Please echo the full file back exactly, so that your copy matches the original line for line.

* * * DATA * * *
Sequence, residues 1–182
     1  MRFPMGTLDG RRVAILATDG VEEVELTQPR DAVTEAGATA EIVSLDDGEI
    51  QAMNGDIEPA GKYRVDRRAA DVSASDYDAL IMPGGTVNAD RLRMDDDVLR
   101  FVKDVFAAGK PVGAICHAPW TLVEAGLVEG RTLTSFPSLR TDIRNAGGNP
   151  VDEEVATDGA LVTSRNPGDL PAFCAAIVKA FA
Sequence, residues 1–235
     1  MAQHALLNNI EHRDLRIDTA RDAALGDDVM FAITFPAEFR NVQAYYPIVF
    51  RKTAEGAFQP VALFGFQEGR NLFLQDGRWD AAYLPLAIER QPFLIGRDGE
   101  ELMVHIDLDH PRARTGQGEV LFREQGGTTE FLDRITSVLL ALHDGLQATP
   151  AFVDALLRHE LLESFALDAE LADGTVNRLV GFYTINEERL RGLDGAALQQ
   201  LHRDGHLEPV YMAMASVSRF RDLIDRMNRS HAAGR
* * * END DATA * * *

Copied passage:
Sequence, residues 1–182
     1  MRFPMGTLDG RRVAILATDG VEEVELTQPR DAVTEAGATA EIVSLDDGEI
    51  QAMNGDIEPA GKYRVDRRAA DVSASDYDAL IMPGGTVNAD RLRMDDDVLR
   101  FVKDVFAAGK PVGAICHAPW TLVEAGLVEG RTLTSFPSLR TDIRNAGGNP
   151  VDEEVATDGA LVTSRNPGDL PAFCAAIVKA FA
Sequence, residues 1–235
     1  MAQHALLNNI EHRDLRIDTA RDAALGDDVM FAITFPAEFR NVQAYYPIVF
    51  RKTAEGAFQP VALFGFQEGR NLFLQDGRWD AAYLPLAIER QPFLIGRDGE
   101  ELMVHIDLDH PRARTGQGEV LFREQGGTTE FLDRITSVLL ALHDGLQATP
   151  AFVDALLRHE LLESFALDAE LADGTVNRLV GFYTINEERL RGLDGAALQQ
   201  LHRDGHLEPV YMAMASVSRF RDLIDRMNRS HAAGR